Updated: Nov 17, 2019
This is part two of my series on trying to become a homeowner in Washington, D.C.
So I decided I’m going to buy a house. Not really sure what kind or where at, but definitely want to own a home in DC.
I started to ask myself what kind of place I actually want. I considered a condo. There are plenty of those around the District that are affordable for me, even in Northwest (the most expensive part of the city). I considered a single-family home in the burbs, for the pure fact that I can just get so much house for the money. But neither of these are really my cup of tea. I want a yard for my future dog, and after doing it for the last ten years, I don’t want to live in a one-bedroom apartment anymore, so the condo is a no go. I also don’t want a massive house to have to clean and take care of out in the middle of nowhere, so the single-family is also a no from me.
Instead I decided I want a townhome—and not just any townhome. I want one that has the signature DC charm of a rowhome or federal-style home. I want my home to look old and new at the same time. I want a nice yard just big enough for a small dog but small enough to not require a ton of maintenance. I need curb appeal, a few bedrooms, a couple bathrooms, and a nice kitchen for whenever I finally become a person who cooks.
With that figured out, I got off Zillow and started a real home search.
I officially started my homebuying journey at the end of April, when the person who is now my agent invited me to his office for a first-time buyer consultation. Since my lease isn’t ending until September, I thought it might be a bit early, but then I just happened to chat with my co-worker about how many homes she put offers in on and lost before she finally got one. I figured well, let me go ahead and start now so I can give myself time, but there’s no real rush.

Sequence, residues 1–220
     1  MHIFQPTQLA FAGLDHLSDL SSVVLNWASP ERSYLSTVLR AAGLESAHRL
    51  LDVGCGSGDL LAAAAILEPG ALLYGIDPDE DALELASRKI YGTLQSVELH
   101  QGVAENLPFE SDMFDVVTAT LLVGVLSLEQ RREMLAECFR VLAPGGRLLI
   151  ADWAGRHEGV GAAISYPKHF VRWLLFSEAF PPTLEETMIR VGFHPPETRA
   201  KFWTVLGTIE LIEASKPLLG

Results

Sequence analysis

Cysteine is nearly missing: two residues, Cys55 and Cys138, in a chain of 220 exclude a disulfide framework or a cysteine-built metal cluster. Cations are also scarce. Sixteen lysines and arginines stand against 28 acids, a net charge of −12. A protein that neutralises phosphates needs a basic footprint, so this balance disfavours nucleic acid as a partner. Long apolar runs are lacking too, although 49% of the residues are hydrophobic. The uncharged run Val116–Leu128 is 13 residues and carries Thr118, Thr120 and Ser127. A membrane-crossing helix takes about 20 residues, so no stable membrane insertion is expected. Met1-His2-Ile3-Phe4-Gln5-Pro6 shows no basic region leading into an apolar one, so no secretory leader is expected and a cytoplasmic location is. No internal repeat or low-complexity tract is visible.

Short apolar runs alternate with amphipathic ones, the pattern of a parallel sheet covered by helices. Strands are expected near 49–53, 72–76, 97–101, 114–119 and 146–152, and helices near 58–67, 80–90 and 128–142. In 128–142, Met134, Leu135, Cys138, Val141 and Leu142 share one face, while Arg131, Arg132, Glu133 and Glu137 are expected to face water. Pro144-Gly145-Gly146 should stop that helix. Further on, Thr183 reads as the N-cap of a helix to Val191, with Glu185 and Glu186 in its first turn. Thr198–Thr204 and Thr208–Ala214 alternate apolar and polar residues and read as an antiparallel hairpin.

Things have escalated quickly.
The first house I saw was in a new townhome development in Hyattsville, MD (right outside of the District). I had been looking at them online for a while and they were in budget, so I was v excited. That excitement was quickly diminished when I realized what they were showing online was the Cadillac version of the townhome with all the bells and whistles; in real life, the one I could afford was more like Honda. Now, there’s nothing wrong with Honda, but when you show up expecting an Escalade, the Accord is a bit of a let-down. Not to mention that because it was new construction in Prince George’s County, there were all types of fees and costs that were much higher than they would be for a similarly-priced resale home in DC.
That confirmed for me that I needed to be looking in the District (because Virginia is definitely not an option), but the thing is, after more than two years here, I’m not really familiar with any area that I haven’t lived or worked. So basically, most of the District.
My agent took me on a tour of some up-and-coming neighborhoods (the only ones with homes I can afford) and it occurred to me quickly that if I am going to buy in DC, I will definitely be buying in the hood. And I mean, the hood. More on this in my next post.